Last night, Under Armour CEO Kevin Plank announced his decision to step down from President Trump’s American Manufacturing Council. Kenneth Frazier, CEO of the pharmaceutical company Merck, had done the same earlier that day, and just a few hours later, Intel’s Brian Krzanich followed suit. Today, Alliance for American Manufacturing president Scott Paul resigned from Trump’s Manufacturing Jobs Initiative.
Their departures are a response to Trump’s statements about the violent protest in Charlottesville, Virginia, over the weekend, which began when white nationalists, members of the Ku Klux Klan, and neo-Nazis gathered to oppose the removal of a statue of Robert E. Lee. The rally drew counter-protesters and turned deadly when a member of the original protest drove a car into a line of vehicles, leaving one counter-protester dead and others injured. In his initial remarks, Trump condemned the “egregious display of hatred, bigotry, and violence on many sides,” drawing immediate backlash for his failure to call out white supremacists specifically. Trump amended his response yesterday, saying that “racism is evil,” but his earlier equivocation was enough to send executives running.
In the hours before he officially left the American Manufacturing Council, Plank said, via Under Armour’s Twitter account, that “there is no place for racism or discrimination in this world.” The tweet drew dozens of replies encouraging him to step down from the council. When Plank did, he didn’t mention Charlottesville specifically, focusing instead on the message that “Under Armour engages in innovation and sports, not politics.”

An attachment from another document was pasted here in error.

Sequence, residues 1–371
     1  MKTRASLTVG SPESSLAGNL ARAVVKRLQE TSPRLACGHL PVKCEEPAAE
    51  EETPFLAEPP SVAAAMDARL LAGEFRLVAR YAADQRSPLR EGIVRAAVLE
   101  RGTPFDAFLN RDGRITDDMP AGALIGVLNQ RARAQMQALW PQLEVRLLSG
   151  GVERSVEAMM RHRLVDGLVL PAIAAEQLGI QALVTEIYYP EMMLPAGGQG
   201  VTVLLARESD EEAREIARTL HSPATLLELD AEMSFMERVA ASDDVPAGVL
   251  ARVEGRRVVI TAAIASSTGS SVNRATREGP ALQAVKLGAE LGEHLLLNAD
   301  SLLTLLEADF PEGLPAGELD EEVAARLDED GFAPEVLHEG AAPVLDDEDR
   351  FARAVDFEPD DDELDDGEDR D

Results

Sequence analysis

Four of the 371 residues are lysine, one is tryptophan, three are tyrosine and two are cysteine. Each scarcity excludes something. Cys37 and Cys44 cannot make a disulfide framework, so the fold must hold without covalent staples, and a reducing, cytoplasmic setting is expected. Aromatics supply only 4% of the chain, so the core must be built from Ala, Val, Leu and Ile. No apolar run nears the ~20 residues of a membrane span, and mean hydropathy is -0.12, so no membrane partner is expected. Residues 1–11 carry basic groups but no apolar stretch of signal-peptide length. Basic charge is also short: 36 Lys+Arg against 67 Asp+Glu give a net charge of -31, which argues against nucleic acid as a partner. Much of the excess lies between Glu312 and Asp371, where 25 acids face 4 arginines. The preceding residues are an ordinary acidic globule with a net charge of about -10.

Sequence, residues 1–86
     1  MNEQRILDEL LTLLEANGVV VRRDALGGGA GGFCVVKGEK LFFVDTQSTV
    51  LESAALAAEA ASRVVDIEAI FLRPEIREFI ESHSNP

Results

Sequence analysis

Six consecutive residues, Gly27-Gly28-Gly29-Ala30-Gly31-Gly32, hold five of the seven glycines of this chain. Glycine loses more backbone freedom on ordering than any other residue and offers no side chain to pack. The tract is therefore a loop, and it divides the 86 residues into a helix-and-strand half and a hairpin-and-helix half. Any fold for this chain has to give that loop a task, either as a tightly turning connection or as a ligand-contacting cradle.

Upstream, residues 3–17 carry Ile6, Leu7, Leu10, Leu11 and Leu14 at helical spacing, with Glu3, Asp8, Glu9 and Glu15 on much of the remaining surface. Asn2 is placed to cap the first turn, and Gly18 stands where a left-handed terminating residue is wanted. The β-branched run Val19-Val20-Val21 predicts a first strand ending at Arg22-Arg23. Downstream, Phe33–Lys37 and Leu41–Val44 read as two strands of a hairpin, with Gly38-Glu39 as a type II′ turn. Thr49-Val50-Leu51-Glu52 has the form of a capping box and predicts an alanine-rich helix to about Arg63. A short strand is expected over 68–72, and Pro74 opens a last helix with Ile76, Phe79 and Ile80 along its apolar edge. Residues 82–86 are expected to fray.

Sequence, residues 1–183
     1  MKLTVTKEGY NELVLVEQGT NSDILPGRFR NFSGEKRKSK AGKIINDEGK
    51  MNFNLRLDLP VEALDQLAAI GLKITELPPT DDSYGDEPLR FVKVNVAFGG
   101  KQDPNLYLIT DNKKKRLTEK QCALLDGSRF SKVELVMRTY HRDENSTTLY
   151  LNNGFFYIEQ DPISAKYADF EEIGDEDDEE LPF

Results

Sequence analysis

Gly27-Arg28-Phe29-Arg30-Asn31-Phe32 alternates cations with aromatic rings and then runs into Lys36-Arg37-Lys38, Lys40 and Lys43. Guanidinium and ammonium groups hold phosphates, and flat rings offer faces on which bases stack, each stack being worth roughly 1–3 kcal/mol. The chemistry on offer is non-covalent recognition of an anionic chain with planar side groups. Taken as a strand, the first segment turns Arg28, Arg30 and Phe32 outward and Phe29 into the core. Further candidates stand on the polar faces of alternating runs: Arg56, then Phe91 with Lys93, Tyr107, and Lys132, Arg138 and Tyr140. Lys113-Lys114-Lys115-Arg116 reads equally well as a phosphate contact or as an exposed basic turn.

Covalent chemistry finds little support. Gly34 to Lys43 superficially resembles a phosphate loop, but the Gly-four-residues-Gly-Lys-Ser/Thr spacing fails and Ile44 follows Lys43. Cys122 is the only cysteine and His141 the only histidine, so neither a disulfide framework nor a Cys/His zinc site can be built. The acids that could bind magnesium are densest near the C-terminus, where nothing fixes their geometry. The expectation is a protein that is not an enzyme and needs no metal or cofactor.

Business executives have been leaving Trump’s various councils in moments of public outrage since the start of the administration. Former Uber CEO Travis Kalanick, who resigned from the company in June, stepped down from Trump’s economic council in February in the wake of his travel ban. Elon Musk, the CEO of Tesla, departed two advisory councils after Trump pulled out of the Paris climate agreement.
Merck’s Frazier addressed Charlottesville much more directly in his statement on Monday, writing: “America’s leaders must honor our fundamental values by clearly rejecting expressions of hatred, bigotry, and group supremacy, which run counter to the American ideal that all people are created equal.”
Frazier described cutting ties with Trump as “a matter of personal conscience,” but for many corporate executives, it’s also a matter of averting an image crisis and losing customers. That’s particularly true at a time when consumers are boycotting companies that don’t represent their values en masse, or at least filling social media with bad press.
Responding to the wave of resignations from his council, Trump tweeted today: “For every CEO that drops out of the Manufacturing Council, I have many to take their place. Grandstanders should not have gone on. JOBS!”
Executives at large felt the need to address Trump’s stance on the Charlottesville protests, including Walmart CEO Doug McMillon, who posted an open letter on the company site Monday.
“As we watched the events and the response from President Trump over the weekend, we too felt that he missed a critical opportunity to help bring our country together by unequivocally rejecting the appalling actions of white supremacists,” McMillon wrote. “His remarks today were a step in the right direction and we need that clarity and consistency in the future.”
That was yesterday. At an afternoon press conference today, Trump was once again blaming “both sides” for the violence in Charlottesville.